The Reuters global sports blog
From the very first moment he arrived in Formula One as a curly-haired teenager, new world champion Sebastian Vettel was a young man in a hurry.
The 23-year-old Red Bull Driver, who became the youngest winner of the drivers’ championship with victory in Sunday’s Abu Dhabi Grand Prix, has set records from day one.
Within seconds of his debut in Friday practice at the 2006 Turkish Grand Prix, he had been fined for speeding in the pit lane. The youngest driver to take part in a practice session, in quick succession he became the youngest to score a point, youngest to secure pole position and youngest to win a grand prix.
Born in the same year that Red Bull sold their first can of energy drink, the race ace with the look of a tousled schoolboy and cheeky grin has always seemed a marketing match made in heaven for the newly crowned Formula One constructors’ champions.
Any Formula One team wishing to manipulate the outcome of a race in favour of one or other of their drivers at least now knows the going rate after this week’s hearing in Paris into the recent Ferrari furore.
Team orders? That will be $100,000 — at least until the end of the season, after which there may well be no charge at all.
When Germany’s best-selling tabloid Bild sends two reporters to an overseas Formula One test in the depths of February, you know something big is brewing.
The return of Michael Schumacher, and the seven times world champion’s first drive of the new Mercedes W01, in Valencia on Monday triggered scenes reminiscent of the glory days when the German was so dominant with Ferrari.
Maranello is the spiritual home of Formula One glamour team Ferrari, but there is very little glitz in the working class northern Italian town.
Mark Meadows was there for the launch of Ferrari’s new 2010 car, which will have to go up against former favourite Michael Schumacher this season. Click on the video to hear more.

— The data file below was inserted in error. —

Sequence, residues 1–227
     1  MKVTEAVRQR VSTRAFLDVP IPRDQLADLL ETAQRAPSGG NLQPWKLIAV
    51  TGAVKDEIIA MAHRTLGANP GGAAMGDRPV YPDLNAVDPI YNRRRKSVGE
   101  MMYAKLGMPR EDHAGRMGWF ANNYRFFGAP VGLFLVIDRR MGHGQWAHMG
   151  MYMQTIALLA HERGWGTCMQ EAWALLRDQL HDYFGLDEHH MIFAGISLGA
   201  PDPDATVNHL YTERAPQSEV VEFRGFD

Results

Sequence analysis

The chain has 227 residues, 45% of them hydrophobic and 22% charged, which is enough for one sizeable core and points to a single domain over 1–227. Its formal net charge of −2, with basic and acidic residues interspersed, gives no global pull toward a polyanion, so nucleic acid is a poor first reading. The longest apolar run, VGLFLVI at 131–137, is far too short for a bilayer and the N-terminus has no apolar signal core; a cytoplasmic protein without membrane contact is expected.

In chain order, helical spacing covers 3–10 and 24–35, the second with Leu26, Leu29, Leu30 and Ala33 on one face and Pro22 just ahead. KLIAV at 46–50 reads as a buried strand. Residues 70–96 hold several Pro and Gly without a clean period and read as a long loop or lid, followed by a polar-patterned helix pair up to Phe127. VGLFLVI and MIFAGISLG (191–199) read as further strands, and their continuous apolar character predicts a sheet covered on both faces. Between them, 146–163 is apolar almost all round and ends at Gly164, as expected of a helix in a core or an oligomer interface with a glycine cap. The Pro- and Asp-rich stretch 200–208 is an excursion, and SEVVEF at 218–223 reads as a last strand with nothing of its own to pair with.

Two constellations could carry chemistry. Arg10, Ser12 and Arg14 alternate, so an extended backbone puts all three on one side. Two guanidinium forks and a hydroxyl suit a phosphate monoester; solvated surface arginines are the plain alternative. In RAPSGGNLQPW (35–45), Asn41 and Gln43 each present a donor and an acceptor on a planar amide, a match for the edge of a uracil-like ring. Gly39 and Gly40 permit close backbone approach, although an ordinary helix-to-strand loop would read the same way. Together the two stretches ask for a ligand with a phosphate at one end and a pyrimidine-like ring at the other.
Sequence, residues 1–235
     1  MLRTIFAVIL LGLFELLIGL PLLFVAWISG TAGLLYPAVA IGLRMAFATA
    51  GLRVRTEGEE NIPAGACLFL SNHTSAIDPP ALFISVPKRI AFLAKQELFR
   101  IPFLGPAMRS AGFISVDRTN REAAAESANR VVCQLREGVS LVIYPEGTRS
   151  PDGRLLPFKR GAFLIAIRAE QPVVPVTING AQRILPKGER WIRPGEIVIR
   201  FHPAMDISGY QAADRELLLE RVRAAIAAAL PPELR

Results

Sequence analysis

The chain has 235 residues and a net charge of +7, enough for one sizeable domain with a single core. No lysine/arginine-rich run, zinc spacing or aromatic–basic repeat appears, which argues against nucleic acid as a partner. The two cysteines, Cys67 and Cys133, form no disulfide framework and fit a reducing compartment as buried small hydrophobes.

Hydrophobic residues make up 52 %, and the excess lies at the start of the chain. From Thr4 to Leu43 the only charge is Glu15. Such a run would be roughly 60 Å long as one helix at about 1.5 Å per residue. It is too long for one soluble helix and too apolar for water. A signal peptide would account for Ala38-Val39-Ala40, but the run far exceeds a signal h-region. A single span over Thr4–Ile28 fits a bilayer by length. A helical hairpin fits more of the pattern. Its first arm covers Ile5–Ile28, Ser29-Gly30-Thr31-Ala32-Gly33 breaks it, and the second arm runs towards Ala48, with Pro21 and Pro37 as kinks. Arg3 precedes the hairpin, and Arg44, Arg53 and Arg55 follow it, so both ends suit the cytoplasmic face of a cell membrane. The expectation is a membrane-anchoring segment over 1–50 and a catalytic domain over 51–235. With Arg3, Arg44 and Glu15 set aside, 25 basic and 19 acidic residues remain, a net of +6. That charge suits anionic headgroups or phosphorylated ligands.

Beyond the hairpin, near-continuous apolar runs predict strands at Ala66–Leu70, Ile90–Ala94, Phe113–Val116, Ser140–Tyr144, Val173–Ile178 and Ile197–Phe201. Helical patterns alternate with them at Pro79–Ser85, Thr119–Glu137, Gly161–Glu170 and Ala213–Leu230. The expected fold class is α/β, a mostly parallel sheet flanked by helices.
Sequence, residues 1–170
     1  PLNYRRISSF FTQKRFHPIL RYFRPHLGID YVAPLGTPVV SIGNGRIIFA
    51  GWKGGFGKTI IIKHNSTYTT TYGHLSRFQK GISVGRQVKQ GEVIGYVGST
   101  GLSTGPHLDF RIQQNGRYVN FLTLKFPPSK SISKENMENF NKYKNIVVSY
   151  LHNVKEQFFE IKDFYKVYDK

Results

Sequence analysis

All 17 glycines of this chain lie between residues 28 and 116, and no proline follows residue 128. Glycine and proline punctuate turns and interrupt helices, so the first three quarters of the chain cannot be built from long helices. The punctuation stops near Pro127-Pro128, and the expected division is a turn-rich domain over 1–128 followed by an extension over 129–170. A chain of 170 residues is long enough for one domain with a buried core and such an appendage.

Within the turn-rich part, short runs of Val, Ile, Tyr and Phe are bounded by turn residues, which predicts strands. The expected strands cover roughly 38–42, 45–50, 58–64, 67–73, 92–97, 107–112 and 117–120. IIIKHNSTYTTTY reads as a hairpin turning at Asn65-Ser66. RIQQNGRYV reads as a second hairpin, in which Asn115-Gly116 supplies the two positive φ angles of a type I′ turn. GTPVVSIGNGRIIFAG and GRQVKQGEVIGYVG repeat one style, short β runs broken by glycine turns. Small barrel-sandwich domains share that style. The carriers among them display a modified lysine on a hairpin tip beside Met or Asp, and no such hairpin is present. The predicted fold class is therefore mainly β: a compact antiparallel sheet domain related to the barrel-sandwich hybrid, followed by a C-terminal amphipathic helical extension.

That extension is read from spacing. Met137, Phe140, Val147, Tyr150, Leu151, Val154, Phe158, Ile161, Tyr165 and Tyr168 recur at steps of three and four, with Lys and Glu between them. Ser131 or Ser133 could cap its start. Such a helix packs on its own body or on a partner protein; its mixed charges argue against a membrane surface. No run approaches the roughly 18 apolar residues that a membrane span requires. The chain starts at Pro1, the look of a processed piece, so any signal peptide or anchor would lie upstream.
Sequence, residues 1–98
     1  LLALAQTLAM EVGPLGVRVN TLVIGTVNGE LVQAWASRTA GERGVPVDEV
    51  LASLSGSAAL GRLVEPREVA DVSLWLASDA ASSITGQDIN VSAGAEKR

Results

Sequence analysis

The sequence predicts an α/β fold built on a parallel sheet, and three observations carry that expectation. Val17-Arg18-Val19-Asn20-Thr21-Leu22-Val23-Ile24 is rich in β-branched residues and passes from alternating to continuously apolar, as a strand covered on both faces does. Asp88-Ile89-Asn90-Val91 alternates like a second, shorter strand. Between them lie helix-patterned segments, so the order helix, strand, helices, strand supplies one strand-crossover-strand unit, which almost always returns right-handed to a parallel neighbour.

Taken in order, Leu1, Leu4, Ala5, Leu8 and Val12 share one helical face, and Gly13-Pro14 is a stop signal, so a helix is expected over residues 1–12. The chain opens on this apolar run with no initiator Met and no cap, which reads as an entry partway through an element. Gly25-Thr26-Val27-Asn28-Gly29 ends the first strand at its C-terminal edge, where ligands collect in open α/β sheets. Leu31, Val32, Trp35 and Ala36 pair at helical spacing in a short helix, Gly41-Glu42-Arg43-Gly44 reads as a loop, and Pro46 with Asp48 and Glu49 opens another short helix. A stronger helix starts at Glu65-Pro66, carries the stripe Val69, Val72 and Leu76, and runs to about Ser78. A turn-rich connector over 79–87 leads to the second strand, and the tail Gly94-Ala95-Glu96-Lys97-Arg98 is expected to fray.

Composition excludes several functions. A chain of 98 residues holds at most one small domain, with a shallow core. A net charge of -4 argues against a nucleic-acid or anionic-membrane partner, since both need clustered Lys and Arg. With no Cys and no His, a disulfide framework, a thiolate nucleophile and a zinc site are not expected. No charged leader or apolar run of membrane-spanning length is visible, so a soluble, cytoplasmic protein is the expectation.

A lot of people are getting quite excited about the possibility of Michael Schumacher coming out of retirement to race for the new Mercedes F1 team (formerly known as champions Brawn) at the age of 41.
The German’s spokeswoman Sabine Kehm feels it is highly unlikely while Mercedes said at the weekend that “some speculations are nothing but dreams which will not come true” (although note the carmaker did not specifically say this particular piece of speculation was one of them).
Jenson Button’s eye-catching visit to McLaren on Friday is of obvious benefit to both parties, whatever the reality behind the headlines.
If a deal is done, the new Formula One champion gets the bigger salary that Brawn are reluctant or unable to pay as well as a potentially winning car for next season.
Abu Dhabi’s new Formula One circuit has given the Middle East seemingly unbeatable bragging rights as home to the world’s most modern and lavish track.
“No one is going to top this,” commented Formula One supremo Bernie Ecclestone on his arrival at Yas Marina and he may well be right.
Felipe Massa won a lot of respect in Brazil a year ago when, having missed out on the Formula One championship by a single point after winning his home grand prix, he proved gracious in defeat.
“I know how to win, I know how to lose,” he said.
The Ferrari driver returns to Interlagos as a spectator and special guest this weekend after suffering life-threatening head injuries in Hungary in July.
In the world of Formula One, it is very hard to keep a secret.
We’ve known for months that Fernando Alonso would be replacing Kimi Raikkonen at Ferrari, a move confirmed on Wednesday.
Insiders also reckoned he had signed a deal a while back, which Alonso himself has revealed, although he said it was originally for 2011.